By Chris McGrath
“I don't think it's rocket science,” says Dr. Stephen Jackson. “In the final analysis, you know, the eye of the master fattens the ox.”
The antiquity of that adage, and the reproof it implies, suggests that men have always been tempted by the notion that livestock might be fed according to some convenient prescription. But even in the 21st Century, even after all the advances in our understanding of nutrition, one of the field's premier experts insists that feed can only ever be the adjustable medium between a horseman's eye and the condition of his horse. “It doesn't matter what kind of rocket scientist I am, formulating the ration,” Jackson says. “If you don't have the horsemanship to feed right, it isn't going to work.”
That doesn't mean we should renounce science. Quite the opposite, in fact: because it's precisely because the human factor remains so important that we need people like Jackson; people who can match our improving grasp of how the Thoroughbred functions with a personal subtlety, a personal flair, in the case-by-case application of those principles.
Jackson has worked for many of the Turf's leading enterprises: Darley, Juddmonte, the late Jean-Luc Lagardère, Lane's End. He's even been given a seat on the board at Three Chimneys. And it's not as though all these hugely respected firms would hire him simply to be told that the science of nutrition is too remote, too theoretical, to supervise the manger of an individual horse. But what he does tell them all, and anyone else with ears to listen, is to temper expectations of modern nutrition.
“I tell my clients that if someone comes to them and says [their feed] is going to make this horse run faster, or jump higher, or eliminate OCD [developmental disease affecting bone and cartilage], then they need to run just as fast as they can away from that person,” he says. “Because there is no silver bullet. Nutrition, certainly, is not a silver bullet. It's a tiny piece of the entire process of raising an athlete.
“So to think that you can come up with a nutrient or supplement that's going to move a horse up is folly. At least I'm not smart enough to find it. You do the little things right: observe the horse, both on the racetrack and in the barn, and if he isn't doing right you try to figure out what it is.”
If anything, Jackson suspects that the key might be to prevent nutrition getting in a horse's way. Get your feed regime wrong, and you might prevent a horse reaching its genetic potential. Easier, in other words, to make a horse slower than faster.
“I try to stay away from supplements,” he says. “I figure if they have to use a supplement, I've done a bad job formulating a diet type deal. Probably in the last 100 evaluations I've done, I don't remember seeing a deficiency–but I do remember lots of instances where I thought they're getting too much of one thing or another, that can wreck the balance of the diet.
“The people who get it right tend to be the same as those who get other things right. Because they've put in the time and effort, the money and emotion, to study–or get somebody else to study–this component. Like they have their vet. Like they have their trainer. Like they have their blacksmith. Because it's a tough, tough racket if you do everything right; but it's impossible if you do it wrong. Unless lighting strikes.”
Jackson remembers being at a breeders' forum in Britain and hearing trainer Sir Mark Prescott remark that it had been a big advantage, 20 years ago, to have a good “feed man”–but that formula feeds had since levelled the field. And Jackson accepts that these have now achieved such precision and palatability that 90 per cent of farms now use them.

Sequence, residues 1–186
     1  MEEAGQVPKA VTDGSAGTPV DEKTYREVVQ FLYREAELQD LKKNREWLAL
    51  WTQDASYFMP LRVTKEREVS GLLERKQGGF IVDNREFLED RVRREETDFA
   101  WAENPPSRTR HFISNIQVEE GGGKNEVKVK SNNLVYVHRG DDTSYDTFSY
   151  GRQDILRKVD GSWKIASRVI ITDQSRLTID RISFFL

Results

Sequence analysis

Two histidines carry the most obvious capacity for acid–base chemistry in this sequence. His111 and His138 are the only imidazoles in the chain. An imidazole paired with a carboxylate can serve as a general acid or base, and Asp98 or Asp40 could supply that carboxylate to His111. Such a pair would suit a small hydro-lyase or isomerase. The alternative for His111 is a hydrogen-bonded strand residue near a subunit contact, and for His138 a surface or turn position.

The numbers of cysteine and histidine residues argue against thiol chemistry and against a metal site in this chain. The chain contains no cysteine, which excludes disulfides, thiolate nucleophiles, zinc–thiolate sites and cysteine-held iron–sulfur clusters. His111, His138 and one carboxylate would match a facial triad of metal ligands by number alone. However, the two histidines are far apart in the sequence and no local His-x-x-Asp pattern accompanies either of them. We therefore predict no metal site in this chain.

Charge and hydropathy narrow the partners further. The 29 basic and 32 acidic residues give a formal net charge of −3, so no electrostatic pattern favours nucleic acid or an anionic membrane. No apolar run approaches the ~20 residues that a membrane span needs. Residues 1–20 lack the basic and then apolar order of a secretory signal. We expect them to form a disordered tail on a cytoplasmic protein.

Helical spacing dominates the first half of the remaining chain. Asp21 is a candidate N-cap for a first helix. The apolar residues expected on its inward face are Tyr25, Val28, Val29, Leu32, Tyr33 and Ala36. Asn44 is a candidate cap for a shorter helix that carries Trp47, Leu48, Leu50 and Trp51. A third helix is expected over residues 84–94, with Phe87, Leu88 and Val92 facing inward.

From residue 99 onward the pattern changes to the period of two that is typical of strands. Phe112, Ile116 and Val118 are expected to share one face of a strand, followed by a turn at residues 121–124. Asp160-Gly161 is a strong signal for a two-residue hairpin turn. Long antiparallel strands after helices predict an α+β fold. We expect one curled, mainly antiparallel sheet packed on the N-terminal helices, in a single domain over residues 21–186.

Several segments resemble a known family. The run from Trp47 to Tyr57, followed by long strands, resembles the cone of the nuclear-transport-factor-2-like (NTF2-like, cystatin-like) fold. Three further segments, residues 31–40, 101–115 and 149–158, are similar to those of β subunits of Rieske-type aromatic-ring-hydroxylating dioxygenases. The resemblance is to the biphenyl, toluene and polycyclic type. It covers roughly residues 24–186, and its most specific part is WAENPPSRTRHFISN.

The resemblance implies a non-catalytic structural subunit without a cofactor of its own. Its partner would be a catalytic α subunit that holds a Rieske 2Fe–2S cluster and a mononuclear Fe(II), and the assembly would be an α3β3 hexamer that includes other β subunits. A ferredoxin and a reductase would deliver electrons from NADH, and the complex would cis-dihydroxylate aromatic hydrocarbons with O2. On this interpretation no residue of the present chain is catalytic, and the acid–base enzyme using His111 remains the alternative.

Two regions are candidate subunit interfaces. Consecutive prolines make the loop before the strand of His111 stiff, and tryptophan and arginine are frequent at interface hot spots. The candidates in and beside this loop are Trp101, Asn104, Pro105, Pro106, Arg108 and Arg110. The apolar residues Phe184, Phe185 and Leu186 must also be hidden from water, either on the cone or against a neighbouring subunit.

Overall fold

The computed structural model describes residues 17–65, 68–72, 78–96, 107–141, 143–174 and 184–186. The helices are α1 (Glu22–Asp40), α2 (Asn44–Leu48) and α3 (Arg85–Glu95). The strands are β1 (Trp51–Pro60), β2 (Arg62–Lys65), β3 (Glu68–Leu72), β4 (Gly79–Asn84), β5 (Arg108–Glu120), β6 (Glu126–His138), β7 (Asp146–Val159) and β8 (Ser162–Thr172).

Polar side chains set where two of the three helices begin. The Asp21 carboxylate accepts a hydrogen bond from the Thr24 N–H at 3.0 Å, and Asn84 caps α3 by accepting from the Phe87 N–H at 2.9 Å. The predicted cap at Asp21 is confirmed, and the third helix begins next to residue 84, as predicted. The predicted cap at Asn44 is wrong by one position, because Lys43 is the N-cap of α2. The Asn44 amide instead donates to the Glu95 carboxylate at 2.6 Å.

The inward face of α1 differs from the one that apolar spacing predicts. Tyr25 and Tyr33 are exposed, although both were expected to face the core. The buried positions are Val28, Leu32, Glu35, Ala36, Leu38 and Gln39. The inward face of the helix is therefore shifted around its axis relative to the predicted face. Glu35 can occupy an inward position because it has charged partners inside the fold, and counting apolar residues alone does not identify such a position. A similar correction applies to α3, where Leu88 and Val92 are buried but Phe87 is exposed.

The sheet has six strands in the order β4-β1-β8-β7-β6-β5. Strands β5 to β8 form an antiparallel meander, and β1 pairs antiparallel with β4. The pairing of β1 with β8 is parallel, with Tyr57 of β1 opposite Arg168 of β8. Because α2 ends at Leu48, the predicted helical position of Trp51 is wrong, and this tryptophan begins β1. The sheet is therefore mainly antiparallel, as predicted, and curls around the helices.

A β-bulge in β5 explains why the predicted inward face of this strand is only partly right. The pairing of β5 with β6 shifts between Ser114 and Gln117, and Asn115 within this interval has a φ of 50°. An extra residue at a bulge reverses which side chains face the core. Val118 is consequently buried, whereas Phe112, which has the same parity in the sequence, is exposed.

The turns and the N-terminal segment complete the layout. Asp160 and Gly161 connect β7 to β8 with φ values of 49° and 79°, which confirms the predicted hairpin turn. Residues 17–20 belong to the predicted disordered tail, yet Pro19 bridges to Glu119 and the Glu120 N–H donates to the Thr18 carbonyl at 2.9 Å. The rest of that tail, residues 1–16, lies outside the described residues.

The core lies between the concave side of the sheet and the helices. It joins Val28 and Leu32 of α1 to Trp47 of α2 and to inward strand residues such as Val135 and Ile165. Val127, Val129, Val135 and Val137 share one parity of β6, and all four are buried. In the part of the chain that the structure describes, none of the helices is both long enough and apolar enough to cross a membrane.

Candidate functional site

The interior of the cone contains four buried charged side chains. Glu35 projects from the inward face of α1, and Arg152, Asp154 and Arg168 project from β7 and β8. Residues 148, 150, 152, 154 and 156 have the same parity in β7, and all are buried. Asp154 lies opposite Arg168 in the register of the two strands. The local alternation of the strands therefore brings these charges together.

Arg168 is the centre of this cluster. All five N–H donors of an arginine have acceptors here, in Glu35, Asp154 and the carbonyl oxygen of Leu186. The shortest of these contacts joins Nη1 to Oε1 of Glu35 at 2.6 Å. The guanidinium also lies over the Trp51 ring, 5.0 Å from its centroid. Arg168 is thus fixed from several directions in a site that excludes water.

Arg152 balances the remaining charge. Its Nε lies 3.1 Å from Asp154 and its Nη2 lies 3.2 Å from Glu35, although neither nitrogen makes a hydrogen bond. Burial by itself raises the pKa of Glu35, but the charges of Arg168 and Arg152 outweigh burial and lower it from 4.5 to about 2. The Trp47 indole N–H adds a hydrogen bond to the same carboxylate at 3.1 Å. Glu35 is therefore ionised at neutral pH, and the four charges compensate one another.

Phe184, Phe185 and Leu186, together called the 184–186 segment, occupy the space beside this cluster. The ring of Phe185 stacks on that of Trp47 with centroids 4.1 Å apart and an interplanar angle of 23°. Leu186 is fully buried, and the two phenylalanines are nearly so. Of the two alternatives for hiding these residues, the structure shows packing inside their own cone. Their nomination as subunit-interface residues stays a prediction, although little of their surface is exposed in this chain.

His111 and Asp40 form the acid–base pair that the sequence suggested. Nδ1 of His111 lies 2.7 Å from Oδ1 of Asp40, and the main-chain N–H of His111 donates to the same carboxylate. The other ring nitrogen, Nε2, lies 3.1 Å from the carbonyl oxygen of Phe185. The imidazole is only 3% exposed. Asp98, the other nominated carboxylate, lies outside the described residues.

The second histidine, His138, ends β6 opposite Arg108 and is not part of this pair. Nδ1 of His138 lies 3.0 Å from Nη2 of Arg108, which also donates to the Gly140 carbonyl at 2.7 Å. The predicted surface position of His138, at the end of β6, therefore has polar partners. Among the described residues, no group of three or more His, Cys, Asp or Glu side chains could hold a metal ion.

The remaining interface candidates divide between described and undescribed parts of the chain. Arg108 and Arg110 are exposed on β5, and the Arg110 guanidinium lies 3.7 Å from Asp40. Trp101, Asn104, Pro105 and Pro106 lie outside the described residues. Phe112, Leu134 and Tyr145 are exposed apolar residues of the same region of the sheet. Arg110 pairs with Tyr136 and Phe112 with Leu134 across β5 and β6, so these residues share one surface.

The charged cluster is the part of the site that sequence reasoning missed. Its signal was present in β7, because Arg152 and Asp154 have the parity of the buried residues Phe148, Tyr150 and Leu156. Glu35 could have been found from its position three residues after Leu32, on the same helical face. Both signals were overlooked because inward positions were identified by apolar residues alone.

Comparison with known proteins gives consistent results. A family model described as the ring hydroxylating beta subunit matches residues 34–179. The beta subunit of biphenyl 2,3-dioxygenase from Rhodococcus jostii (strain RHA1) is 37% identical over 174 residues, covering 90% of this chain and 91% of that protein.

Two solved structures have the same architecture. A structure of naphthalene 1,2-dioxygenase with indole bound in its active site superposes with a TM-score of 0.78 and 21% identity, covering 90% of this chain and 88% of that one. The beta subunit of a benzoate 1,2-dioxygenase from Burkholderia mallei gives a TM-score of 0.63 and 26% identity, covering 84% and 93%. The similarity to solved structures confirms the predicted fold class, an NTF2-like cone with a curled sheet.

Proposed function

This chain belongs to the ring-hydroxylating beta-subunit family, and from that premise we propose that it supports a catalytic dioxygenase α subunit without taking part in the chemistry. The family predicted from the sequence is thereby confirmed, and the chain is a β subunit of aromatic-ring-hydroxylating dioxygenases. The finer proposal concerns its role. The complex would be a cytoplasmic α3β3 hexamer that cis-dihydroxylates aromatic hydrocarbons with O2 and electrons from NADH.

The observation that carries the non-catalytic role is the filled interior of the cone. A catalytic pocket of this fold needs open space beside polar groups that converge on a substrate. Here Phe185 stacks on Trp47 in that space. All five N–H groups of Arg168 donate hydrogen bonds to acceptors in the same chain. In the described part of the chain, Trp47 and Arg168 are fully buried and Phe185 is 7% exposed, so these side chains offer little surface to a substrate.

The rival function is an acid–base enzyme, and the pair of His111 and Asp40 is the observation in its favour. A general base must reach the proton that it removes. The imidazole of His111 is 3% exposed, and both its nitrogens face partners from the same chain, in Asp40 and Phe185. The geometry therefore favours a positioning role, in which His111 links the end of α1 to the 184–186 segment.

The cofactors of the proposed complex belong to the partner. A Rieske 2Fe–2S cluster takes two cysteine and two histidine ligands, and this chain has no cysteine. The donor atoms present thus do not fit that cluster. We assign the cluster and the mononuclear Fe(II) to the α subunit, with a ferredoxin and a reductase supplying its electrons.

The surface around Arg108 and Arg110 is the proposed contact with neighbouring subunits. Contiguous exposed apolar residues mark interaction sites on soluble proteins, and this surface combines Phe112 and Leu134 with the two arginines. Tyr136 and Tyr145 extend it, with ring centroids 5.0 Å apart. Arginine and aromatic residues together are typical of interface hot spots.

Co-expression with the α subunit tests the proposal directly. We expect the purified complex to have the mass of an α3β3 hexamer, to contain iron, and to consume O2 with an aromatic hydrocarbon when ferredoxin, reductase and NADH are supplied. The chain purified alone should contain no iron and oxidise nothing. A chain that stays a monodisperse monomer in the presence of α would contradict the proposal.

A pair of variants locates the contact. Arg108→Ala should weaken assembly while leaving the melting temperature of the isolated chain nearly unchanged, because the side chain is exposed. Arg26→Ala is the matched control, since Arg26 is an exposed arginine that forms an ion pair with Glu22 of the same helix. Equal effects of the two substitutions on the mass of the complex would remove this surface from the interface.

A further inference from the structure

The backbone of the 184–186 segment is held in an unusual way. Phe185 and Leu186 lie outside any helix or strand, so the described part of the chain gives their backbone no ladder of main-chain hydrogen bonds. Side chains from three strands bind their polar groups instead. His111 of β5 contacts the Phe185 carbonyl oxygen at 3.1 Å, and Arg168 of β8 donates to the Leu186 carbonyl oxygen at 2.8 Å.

“But, interestingly, I've done some stuff for older trainers and when I analyzed what they were doing, it was pretty damned close to right,” Jackson notes. “They did it by trial and error, intuition, horsemanship.”
His abiding faith in old lore is consistent with Jackson's background as yet another significant influence on the modern American Thoroughbred who learned the ropes with Quarter Horses in Texas. His father was an extension horse specialist and, after reading animal science at Texas A&M, Jackson came up to the University of Kentucky for a PhD in equine nutrition. Foxhunting accelerated a passion for Thoroughbreds and, in terms of his own vocation, he found that the breed offered the ultimate challenge: to be raised sound enough to support its speed.
As Jackson puts it, he “got used to the colour green” and never went back to Texas. Not that the environmental advantages of Kentucky deceive him that forage and soil and climate ever have absolute virtue: as with everything else, they take their place in the line, as one more factor to be balanced.
“Don't get me wrong, I think Kentucky is a great place to raise a horse,” he says. “But I've always maintained that if you do due diligence, you can raise a good horse anywhere.”
Sure enough, he has managed young stock successfully in India and Saudi Arabia. Domestically, after all, even California sets a different kind of challenge.
“When I go into a place I usually don't try to reinvent the wheel,” Jackson remarks. “What I try to do is look at the horses. Look at what they're doing. Look at the resources available to them, not only in terms of hay and pasture but also grain and [local] ingredients. And then try to tailor the program to their environment. Because what's supposed to work in Central Kentucky doesn't work in Jerrys Plains, Australia.”
Jackson established himself in Kentucky as an academic and teacher, including 20 years as a professor at the university, and counts many Bluegrass horse professionals among his former students. Then he joined Dr. Joe Pagan, setting up Kentucky Equine Research, while his first private client was Josephine Abercrombie at Pin Oak. When Joe Osborne left that farm to work for Darley, he recommended Jackson to his new employers–for whom he now works on both sides of the Atlantic, as well as in Japan. His clients in Japan also include a 150-strong stable, extending through farm and training center, while he has also worked with horses in training in Brazil and Newmarket.
In other words, Jackson can work the full palette, from nursing mares to older horses ten days off a run. That said, his priority has always been farmwork.